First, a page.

At our meeting this week we also worked on the compressed air controls for the endefector. We had procured a three way valve only to find that while it would force the cylinder arm open it would not draw it closed. And so not function as a control valve for the endofector.
Wednesday, February 17, 2010
It's now just a matter of getting all the bits and pieces and putting it all together. The picture below shows a ten LED floodlight which at 12 volts only draws 0.15 amps. and provides plenty of illumination. It will be attached to the front of the ROV and be used to light up the cave containing the crustaceans.
Tuesday, February 9, 2010
This past week we had a great lesson in applied physics as Mr. Ricketts lectured us on the advantages of a mechanical arm. Below is a brief video of Mr. Ricketts in action.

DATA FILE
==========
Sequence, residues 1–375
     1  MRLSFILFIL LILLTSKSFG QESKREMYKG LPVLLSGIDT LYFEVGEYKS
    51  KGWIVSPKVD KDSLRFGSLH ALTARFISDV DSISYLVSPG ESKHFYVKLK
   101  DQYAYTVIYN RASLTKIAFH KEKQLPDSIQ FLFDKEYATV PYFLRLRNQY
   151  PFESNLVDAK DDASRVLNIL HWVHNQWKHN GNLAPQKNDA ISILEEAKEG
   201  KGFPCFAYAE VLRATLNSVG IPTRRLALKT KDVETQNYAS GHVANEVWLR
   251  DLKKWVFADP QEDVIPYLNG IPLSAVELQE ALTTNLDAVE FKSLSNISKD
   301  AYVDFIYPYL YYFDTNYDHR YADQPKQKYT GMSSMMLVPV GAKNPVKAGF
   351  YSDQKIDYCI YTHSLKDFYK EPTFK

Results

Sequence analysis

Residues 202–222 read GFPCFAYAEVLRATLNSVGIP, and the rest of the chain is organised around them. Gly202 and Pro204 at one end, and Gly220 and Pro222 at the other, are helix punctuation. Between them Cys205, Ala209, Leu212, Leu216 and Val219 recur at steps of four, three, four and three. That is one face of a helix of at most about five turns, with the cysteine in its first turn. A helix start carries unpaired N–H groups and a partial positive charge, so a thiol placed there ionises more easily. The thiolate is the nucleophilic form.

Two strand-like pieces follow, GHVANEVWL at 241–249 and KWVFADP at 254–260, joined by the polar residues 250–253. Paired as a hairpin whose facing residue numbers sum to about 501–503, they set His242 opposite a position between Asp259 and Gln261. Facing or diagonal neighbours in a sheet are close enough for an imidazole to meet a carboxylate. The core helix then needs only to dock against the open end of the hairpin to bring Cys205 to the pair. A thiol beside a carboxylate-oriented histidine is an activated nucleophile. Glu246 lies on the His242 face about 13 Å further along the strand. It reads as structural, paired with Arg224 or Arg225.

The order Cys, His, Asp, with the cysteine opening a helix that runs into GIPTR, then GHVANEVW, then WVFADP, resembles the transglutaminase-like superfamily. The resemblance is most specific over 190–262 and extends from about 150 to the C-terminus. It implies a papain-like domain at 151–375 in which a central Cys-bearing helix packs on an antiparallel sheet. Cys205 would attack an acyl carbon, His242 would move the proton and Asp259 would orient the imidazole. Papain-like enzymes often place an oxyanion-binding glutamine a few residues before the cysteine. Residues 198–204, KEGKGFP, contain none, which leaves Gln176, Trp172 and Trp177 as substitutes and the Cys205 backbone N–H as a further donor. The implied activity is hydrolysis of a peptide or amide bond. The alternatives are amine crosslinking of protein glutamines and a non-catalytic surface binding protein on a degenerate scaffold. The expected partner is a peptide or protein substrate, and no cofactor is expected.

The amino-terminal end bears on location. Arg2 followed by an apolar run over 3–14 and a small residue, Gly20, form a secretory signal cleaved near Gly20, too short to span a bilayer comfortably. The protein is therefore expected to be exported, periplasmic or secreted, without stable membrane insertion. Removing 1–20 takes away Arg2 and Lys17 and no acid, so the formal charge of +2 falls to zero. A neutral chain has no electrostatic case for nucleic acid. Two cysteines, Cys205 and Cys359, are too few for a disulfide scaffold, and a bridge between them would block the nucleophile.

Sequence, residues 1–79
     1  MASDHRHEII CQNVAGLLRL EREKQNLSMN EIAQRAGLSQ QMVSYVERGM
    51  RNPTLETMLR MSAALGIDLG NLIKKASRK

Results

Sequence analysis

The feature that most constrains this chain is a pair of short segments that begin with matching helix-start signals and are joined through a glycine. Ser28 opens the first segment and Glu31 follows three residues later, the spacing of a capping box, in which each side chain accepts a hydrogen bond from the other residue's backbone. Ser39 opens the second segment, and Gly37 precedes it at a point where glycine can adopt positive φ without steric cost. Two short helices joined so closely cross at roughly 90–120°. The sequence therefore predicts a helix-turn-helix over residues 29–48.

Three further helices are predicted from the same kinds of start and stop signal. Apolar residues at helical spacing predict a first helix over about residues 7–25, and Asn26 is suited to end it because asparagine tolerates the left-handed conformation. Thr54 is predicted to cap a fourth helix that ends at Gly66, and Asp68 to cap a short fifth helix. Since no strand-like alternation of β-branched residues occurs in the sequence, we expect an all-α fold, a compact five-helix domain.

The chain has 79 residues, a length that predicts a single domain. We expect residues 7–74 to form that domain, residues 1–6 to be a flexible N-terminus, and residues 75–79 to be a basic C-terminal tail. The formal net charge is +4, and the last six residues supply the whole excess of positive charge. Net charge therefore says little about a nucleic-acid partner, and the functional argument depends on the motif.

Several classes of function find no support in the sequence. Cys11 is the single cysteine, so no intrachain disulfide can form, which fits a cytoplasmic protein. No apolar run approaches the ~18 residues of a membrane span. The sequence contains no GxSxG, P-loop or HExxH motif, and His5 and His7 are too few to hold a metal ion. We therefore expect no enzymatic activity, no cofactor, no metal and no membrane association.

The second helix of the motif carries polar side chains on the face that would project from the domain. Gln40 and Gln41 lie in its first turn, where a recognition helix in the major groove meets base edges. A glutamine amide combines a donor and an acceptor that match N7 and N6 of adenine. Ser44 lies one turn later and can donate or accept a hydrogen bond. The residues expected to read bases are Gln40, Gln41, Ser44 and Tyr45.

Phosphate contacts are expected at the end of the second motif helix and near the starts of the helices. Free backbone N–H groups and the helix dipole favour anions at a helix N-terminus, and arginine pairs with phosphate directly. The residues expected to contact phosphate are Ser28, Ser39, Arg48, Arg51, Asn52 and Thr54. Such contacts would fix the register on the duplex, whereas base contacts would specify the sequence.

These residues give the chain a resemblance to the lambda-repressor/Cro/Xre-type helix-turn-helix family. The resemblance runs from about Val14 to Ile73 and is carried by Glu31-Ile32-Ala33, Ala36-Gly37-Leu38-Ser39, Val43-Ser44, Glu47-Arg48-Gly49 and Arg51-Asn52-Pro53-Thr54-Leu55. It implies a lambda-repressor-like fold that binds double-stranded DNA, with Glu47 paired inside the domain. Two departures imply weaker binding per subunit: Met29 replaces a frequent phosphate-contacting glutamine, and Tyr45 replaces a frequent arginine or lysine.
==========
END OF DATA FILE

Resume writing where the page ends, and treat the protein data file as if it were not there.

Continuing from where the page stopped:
Friday, February 5, 2010
This last meeting crew leader, Gabriel, shared his thinking on the operation of the ROV's "endofector". Check out the video below on YouTube:
We also discussed how to power the operation of the endofector. It was generally agreed that compressed air should be used. The rules state that a pressure of up to 40psi can be used. The question was then raised where were the control valves to be located? Placed actually on the ROV would require only one air hose but might require a holding tank and control wires to operate the valves. A much easier design would be to have two air hoses and place mechanically operated valves on the surface.
Discussion then moved to Task#4, removal of a goop sample from the sea floor. For this the crew had come up with a thin metal tube pushed down into the goop (gelatin) with a flap valve that would close and create a vacuum when the tube was with drawn. It was found that if tabs were cut and bent into the tube the sample of goop could be retrieved successfully.